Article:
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International Business

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International Business

  1. 1. INTERNATIONAL BUSINESS STRATEGY
  2. 2. Multidomestic Transnational or Global Strategy?
  3. 3. Multidomestic <ul><li>“ is an organisation with multicountry affiliates, each of which formulates its own business strategy based on perceived market differences” </li></ul><ul><li>(Source: International Business, The Challenge of Global Competition) </li></ul><ul><li>Operates in different countries but – Products, Manufacturing Process and Business Strategy are adjusted to suit the local conditions. </li></ul><ul><li>Polycentric Orientation – must adapt to succeed. </li></ul>
  4. 4. Multidomestic <ul><li>Differences in the various market places. </li></ul><ul><li>Markets demand different strategies. </li></ul><ul><li>Different Products </li></ul><ul><li>Different Marketing </li></ul><ul><li>Different Processes </li></ul><ul><li>Also called Multinational </li></ul>
  5. 5. Transnational <ul><li>The term Transnational and Multinational are now used synonymously. </li></ul><ul><li>1970’s and 1980’s the U.N. when studying the impact of ‘TNC’s’ found: </li></ul><ul><li>“ considerable complexity” in defining Transnational corporations. </li></ul><ul><li>“ Agreement on a specialised definition was never achieved” </li></ul><ul><li>(Source: United Nations Conference on Trade and Development, www.unctad.org ) </li></ul>
  6. 6. Transnational <ul><li>“ corporation comprising parent enterprises and their foreign affiliates” </li></ul><ul><li>(Source: International Business, The Challenge of Global Competition) </li></ul><ul><li>Combination of MDC and Global Company </li></ul><ul><li>Highly responsive to local Globalise Functions </li></ul><ul><li>Conditions </li></ul>
  7. 7. Transnational <ul><li>Merger of two firms from different countries </li></ul><ul><li>Example: </li></ul><ul><li>Unilever (Dutch – English Food) </li></ul><ul><li>Shell (Dutch – English Oil) </li></ul><ul><li>Might also be called “ Binational” </li></ul>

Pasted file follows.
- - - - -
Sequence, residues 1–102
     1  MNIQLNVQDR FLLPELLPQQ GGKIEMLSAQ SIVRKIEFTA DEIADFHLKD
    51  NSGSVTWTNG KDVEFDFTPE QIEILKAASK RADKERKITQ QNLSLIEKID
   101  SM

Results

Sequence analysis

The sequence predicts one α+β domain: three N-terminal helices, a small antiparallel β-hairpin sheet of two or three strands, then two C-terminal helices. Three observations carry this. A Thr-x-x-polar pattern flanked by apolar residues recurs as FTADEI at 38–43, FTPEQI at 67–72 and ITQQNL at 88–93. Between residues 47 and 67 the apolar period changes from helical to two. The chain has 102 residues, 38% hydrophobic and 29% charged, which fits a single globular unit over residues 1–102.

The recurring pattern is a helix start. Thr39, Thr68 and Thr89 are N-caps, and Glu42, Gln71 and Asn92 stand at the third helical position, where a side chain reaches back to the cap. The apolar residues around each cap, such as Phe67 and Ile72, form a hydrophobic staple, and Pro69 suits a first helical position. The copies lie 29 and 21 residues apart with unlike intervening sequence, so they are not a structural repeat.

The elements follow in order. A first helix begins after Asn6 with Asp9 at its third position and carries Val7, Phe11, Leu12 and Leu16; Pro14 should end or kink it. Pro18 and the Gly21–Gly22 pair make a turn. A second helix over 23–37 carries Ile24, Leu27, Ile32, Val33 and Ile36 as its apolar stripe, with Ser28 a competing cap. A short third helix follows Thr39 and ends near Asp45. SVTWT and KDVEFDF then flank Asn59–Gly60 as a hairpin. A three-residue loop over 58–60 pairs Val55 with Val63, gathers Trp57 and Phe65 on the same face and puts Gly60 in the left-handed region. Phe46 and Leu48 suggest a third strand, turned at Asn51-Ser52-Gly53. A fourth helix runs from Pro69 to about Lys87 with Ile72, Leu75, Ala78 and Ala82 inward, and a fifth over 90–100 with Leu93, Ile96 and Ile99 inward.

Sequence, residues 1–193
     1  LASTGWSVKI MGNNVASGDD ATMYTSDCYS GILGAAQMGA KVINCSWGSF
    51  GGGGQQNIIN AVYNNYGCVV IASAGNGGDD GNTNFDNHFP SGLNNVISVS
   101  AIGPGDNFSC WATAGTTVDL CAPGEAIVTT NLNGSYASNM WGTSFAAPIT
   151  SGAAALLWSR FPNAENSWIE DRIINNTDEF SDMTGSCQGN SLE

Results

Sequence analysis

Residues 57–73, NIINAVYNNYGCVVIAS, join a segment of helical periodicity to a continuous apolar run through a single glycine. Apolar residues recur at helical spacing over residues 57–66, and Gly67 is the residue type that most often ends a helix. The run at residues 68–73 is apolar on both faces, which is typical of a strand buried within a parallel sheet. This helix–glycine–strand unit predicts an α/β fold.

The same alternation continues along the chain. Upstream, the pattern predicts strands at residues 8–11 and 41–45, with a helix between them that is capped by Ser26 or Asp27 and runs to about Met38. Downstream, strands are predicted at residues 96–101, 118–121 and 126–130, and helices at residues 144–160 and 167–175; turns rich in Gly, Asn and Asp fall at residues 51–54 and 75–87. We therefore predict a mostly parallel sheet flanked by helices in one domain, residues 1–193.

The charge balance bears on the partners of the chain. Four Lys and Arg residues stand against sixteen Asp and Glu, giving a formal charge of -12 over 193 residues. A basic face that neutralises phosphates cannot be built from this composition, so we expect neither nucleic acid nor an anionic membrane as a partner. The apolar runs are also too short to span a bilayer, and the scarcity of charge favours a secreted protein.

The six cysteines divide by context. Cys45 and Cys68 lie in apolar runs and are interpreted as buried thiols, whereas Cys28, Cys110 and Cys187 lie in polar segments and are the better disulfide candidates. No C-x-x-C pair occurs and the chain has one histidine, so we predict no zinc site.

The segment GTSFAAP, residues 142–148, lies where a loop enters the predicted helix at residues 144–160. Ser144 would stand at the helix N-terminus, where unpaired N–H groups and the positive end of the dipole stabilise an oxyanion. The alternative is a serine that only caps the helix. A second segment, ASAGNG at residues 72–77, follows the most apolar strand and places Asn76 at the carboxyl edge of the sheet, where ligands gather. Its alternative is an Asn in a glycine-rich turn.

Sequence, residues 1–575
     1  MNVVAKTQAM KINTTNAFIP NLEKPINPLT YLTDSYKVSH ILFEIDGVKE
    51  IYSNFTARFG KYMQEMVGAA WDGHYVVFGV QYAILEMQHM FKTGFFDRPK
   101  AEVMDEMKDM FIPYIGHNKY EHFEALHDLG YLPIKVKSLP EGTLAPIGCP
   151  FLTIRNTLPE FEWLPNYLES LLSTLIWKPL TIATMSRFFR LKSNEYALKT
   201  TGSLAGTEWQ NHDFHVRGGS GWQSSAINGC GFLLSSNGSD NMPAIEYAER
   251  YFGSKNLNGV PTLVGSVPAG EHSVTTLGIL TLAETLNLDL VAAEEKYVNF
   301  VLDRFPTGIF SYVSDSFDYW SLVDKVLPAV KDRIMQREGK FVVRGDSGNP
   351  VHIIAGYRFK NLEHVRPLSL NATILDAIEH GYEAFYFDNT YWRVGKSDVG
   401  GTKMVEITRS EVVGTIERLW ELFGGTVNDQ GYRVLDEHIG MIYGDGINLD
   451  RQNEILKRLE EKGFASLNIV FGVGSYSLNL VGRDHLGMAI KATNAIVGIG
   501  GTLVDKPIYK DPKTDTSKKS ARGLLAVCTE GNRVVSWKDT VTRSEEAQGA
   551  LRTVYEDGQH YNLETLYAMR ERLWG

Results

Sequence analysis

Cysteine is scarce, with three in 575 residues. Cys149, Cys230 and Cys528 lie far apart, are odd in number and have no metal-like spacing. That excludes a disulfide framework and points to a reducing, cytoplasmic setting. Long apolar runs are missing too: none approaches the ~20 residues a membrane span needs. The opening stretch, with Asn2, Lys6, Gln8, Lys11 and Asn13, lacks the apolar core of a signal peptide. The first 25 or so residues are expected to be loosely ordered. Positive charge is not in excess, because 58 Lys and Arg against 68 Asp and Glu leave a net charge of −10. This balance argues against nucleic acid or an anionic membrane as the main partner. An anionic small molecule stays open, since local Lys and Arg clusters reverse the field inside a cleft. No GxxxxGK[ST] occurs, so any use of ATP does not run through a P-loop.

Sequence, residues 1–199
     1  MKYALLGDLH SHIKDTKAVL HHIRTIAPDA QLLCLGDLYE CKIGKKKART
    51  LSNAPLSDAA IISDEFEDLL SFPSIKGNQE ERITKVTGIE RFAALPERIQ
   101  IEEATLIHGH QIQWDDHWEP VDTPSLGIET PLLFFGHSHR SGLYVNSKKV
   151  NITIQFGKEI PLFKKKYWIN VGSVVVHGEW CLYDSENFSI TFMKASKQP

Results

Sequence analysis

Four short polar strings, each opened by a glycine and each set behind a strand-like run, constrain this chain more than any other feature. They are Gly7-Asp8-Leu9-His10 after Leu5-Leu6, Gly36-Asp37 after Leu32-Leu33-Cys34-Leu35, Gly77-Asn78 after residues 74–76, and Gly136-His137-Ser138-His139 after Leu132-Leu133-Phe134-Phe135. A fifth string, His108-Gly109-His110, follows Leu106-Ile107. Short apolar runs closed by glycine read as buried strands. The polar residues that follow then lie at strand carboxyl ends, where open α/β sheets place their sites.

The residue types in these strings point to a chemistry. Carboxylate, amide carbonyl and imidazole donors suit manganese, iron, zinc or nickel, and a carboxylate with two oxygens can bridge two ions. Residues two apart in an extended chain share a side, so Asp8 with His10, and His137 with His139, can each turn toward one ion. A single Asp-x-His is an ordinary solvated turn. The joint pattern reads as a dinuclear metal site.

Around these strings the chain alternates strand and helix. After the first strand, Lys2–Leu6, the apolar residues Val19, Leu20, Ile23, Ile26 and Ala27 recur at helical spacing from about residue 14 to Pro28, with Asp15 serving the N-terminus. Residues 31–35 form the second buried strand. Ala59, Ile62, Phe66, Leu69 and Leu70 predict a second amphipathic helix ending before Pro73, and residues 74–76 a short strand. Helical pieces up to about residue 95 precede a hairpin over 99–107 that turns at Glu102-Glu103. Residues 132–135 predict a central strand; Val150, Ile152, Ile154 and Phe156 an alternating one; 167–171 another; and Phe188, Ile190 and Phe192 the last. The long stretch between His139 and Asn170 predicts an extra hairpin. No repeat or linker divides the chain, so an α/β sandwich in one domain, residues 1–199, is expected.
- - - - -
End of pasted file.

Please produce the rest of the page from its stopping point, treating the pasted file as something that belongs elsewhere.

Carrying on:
8. 8. Transnational - Example <ul><li>Royal Dutch / Shell </li></ul><ul><li>Binational Dutch – British Heritage </li></ul><ul><li>Headquarters – The Hague and London </li></ul><ul><li>“ National operating company has significant autonomy” </li></ul><ul><li>“ a distinctive global culture” </li></ul><ul><li>(Source: Managing the Multinational, Humes, Samuel, 1993) </li></ul>
  9. 9. Global <ul><li>An Overused and Misused term </li></ul><ul><li>A Global organisation attempts to: </li></ul><ul><li>Have a Worldwide Presence </li></ul><ul><li>Standardise its operations Worldwide (1 function at least) </li></ul><ul><li>Integrate its operations Worldwide </li></ul>
  10. 10. Global <ul><li>Assumption: </li></ul><ul><li>Customers around the world are similar. </li></ul><ul><li>Geocentric Orientation – markets are similar and it is possible to have a global strategy that transcends local differences. </li></ul><ul><li>Worldwide Standardisation in: </li></ul><ul><li>- Marketing </li></ul><ul><li>- Technical Functions </li></ul><ul><li>- Production </li></ul><ul><li>Production Plants located around the World </li></ul>
  11. 11. Global <ul><li>What is a Global Firm not? </li></ul><ul><li>Borderless </li></ul><ul><li>Stateless </li></ul><ul><li>“ Each country has a home government and tax authority” </li></ul><ul><li>(Source: International Business, The Challenge of Global Competition) </li></ul><ul><li>Also most are owned by shareholders from one nation. </li></ul>
  12. 12. Factors to consider when deciding on International Strategy (Source: Strategic Marketing Management, Lambin, Jean-Jacques, McGraw Hill, England, 1997)